Concentrations of tumor necrosis factor (TNF-α), interleukin-6 (IL-6), interleukin-1β (IL-1β), lipopolysaccharides (LPS), D-lactate and intestinal-type fatty acid binding protein (iFABP) in serum and cAMP in cell were determined using the instructions in the commercially available ELISA kits (Abcam Limited, MA, USA).

Histological staining

After fixation in 4% paraformaldehyde, liver, and small intestine samples were embedded in paraffin and cut into 4 μm sections. The tissue sections were subjected to deparaffinization and hydration using a series of graded alcohols. Subsequently, the sections were stained. Following a rinse with distilled water, the slides were dehydrated in alcohol and then placed in a clearing solution of xylene. Tissue morphology was observed using a microscope (B80i, Nikon Corporation, Tokyo, Japan) with image acquisition software. The histological scoring of the small intestine was determined based on epithelial lesions and inflammation infiltration, following the same criteria as previously reported [28].


TGR5 detection was performed on paraffin-embedded sections of ileum tissue following the standard protocol. The tissue sections were deparaffinized in xylene, followed by rehydration in a series of ethanol and distilled water. Subsequently, they were immersed in ethylenediaminetetraacetic acid (EDTA) buffer (pH 8.0, Beyotime Biotechnology Co., Ltd., Shanghai, China) for antigen retrieval. Afterward, the slides were washed 3 times with phosphate-buffered saline (PBS, pH 7.4) to remove any residual buffer. After the sections were slightly dry, circles were drawn on the tissue using Liquid Blocker Super PAP Pen (Beyotime) to prevent antibody flow away, and then blocked with 3% BSA for 30 min. After gently removing the blocking solution, rabbit anti-TGR5 antibody (PA5–34261, 1:200 dilution, Thermo Fisher Scientific, MA, USA) was added to the sections and incubated overnight at 4 °C. Subsequently, the phosphate buffered saline (PBS)-washed samples were incubated with secondary antibodies conjugated to Alexa Fluor 594 (1:1000 dilution, Thermo Fisher Scientific) for 1 h at 37 °C. Within the circle, 4′,6-diamidino-2-phenylindole (DAPI) (MilliporeSigma, Burlington, MA, USA) nuclear stain was added for nuclear staining and incubated in the dark at room temperature for 10 min. Finally, slides were washed with PBS and sealed with anti-fluorescence quenching sealer (Servicebio Technology Co., Ltd., Wuhan, China). All slides were observed, and images were collected by fluorescence microscopy (Eclipse C1, Nikon, Tokyo, Japan).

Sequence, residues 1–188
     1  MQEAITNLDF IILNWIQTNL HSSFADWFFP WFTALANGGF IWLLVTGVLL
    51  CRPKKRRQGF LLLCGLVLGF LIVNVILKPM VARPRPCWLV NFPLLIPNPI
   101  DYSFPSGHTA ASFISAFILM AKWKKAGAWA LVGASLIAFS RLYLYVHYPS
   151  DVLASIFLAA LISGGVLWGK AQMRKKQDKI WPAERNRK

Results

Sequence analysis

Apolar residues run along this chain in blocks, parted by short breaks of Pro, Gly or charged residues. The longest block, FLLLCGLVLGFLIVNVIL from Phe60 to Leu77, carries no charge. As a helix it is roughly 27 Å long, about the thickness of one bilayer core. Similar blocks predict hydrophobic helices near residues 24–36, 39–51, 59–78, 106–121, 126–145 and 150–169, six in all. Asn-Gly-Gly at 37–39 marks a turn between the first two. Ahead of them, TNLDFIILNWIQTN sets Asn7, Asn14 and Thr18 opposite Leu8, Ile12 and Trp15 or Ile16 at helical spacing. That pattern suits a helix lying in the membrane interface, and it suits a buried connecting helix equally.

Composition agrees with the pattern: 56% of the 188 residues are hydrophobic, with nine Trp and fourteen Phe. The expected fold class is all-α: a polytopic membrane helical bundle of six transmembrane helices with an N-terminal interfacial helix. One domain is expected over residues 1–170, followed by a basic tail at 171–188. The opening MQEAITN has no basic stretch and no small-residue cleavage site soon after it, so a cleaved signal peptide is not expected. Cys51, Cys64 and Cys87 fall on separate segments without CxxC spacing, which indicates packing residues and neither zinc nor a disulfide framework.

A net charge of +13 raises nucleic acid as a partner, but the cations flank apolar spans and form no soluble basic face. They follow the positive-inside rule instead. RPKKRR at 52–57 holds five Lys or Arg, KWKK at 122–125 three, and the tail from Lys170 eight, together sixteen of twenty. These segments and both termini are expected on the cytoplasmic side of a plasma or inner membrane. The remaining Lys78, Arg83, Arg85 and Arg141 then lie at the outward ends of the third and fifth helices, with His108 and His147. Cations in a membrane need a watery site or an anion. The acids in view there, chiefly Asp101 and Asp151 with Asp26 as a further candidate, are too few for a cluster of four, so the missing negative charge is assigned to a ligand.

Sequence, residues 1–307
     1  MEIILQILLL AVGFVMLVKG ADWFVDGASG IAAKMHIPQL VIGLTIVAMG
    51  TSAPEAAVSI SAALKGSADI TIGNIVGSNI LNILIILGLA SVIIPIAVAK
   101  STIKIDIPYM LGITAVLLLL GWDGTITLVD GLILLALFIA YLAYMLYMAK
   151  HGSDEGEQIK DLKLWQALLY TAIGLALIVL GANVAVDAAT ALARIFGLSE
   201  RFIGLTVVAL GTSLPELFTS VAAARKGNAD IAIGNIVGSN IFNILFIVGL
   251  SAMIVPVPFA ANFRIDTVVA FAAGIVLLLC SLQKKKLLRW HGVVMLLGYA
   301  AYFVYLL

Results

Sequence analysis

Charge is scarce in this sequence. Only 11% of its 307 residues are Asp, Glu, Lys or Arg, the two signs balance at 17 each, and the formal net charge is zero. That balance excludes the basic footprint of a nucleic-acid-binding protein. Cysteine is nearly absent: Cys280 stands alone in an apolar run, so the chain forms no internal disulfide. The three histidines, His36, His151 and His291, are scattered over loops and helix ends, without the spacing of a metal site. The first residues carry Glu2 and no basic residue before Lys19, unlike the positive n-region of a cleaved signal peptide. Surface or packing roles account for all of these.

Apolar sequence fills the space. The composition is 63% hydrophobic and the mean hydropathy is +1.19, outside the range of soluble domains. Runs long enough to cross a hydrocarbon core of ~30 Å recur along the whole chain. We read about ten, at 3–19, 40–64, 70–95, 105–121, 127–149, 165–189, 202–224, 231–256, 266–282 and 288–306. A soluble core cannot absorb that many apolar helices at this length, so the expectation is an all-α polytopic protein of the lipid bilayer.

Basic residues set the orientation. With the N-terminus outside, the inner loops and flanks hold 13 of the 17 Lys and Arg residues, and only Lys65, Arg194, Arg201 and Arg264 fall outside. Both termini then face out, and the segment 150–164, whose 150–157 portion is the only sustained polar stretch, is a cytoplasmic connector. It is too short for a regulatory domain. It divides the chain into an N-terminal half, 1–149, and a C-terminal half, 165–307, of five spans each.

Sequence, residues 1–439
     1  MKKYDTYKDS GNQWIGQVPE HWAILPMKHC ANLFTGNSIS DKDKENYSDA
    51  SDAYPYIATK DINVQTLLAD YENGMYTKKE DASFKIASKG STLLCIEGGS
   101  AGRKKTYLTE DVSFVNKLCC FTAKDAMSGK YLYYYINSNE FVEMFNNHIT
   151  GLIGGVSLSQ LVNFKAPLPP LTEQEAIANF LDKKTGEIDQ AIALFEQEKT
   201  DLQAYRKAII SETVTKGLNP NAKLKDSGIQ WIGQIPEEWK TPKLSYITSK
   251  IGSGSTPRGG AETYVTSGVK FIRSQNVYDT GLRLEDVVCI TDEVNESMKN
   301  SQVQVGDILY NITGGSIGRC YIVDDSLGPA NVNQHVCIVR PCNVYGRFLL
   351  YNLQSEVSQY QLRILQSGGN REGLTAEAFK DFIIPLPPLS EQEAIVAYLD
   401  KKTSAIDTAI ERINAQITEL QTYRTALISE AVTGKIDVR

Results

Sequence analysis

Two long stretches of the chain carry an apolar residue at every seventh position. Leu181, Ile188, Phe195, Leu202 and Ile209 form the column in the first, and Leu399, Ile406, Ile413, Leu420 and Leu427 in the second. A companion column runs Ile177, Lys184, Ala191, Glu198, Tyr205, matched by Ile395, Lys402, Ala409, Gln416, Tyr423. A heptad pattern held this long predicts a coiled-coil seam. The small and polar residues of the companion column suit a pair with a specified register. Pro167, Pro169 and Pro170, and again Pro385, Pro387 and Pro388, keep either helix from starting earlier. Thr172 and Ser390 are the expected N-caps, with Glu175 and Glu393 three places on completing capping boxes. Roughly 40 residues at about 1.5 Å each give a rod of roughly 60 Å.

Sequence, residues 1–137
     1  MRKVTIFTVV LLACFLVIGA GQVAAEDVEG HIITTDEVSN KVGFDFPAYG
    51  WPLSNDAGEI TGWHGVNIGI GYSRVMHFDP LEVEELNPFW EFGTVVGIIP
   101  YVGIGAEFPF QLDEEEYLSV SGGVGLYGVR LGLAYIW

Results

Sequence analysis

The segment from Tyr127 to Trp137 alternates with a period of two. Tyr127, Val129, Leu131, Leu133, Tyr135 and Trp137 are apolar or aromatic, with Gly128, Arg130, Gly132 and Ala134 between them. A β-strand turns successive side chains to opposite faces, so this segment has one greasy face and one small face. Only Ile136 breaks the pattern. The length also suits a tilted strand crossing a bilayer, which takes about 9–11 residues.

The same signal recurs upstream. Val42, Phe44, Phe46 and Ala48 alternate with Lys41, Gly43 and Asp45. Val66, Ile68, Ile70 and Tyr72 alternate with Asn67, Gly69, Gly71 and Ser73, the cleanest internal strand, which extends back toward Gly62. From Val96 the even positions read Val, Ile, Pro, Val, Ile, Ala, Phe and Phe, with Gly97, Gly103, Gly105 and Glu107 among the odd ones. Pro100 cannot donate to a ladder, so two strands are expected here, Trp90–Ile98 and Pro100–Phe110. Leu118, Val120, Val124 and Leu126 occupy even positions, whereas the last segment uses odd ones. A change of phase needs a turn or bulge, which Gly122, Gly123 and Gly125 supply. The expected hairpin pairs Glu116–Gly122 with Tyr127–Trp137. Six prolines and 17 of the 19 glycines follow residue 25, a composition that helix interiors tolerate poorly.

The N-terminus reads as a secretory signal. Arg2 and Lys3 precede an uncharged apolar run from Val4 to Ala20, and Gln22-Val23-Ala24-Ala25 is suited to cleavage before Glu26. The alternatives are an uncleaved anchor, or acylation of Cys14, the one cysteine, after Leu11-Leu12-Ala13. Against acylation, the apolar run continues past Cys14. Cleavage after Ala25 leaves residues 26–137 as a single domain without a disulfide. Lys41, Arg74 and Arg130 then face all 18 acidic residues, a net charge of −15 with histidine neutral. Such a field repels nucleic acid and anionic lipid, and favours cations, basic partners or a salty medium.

RNA isolation and RT-PCR

Total RNA was extracted from the liver, jejunum, and ileum using TRIzol reagent (Invitrogen, Carlsbad, CA, USA). cDNA was synthesized from 1 μg of RNA using the PrimeScript RT kit (Takara Biotechnology Co., Ltd., Dalian, China). Quantitative PCR (qPCR) was performed on a 7500 RealTime PCR system (Applied Biosystems) using a SYBR Green mixing kit (Takara Biotechnology Co., Ltd.) in a 10 μL reaction volume including 1 μL of cDNA. To ensure typical amplification curves and single-peaked melting curves, indicating the presence of a single amplification product for each primer pair (gel electrophoresis can be run to check for single amplification if melting curve analysis is not performed), the coefficient of variation within replicate groups should be equal to or less than 10%, and no signal should be detected in the negative control group. We evaluated mRNA levels using the 2−ΔΔCT method, with Gapdh serving as the reference gene. The primer sequences can be found (Additional file 1: Table S2).

Western blot

Liver and ileum tissues were homogenized and subjected to radio immunoprecipitation assay (RIPA, Beyotime) buffer and phenylmethanesulfonyl fluoride (PMSF, Beyotime) for total protein extraction. The lysate was incubated on ice before being centrifuged at 10,000 × g for 15 min. A bicinchoninic acid (BCA) protein assay kit (Beyotime) was used to evaluate the protein concentration. After separation via sodium dodecyl sulfate polyacrylamide gel electrophoresis (SDS-PAGE, Beyotime), the proteins were transferred to polyvinylidene difluoride (MilliporeSigma, Burlington, MA, USA) and blocked with nonfat milk powder in tris buffered saline with Tween-20 (TBST) for 2 h. Next, rabbit monoclonal primary antibodies against Claudin-1, Occludin, zona occludens 1 (ZO-1), transcription factor p65 (p65), p-p65, inhibitor of nuclear factor κB-α (IκB-α), p-IκB-α, TGR5, FXR, cytochrome P4507A1 (CYP7A1), protein kinase A (PKA), p-PKA, cAMP-response element binding protein (CREB), p-CREB, mitogen-activated protein kinase (MEK), p-MEK, extracellular regulated protein kinase (ERK), p-ERK (Cell Signaling Technology, Inc., Danvers, MA, USA), and the rat monoclonal primary antibody against β-actin (Beyotime) were applied to the membranes at a 1:1000 dilution, and the membranes were incubated overnight at 4 °C. After three washes with 1× TBST, the corresponding secondary antibodies, which included horseradish peroxidase (HRP)-labeled goat anti-rabbit immunoglobulin G (IgG) (H + L) and HRP-labeled goat anti-mouse IgG (H + L) (Beyotime) were applied at a 1:1000 dilution for 1 h. Finally, the protein bands were visualized using enhanced chemiluminescence (ECL, Beyotime).

16S rRNA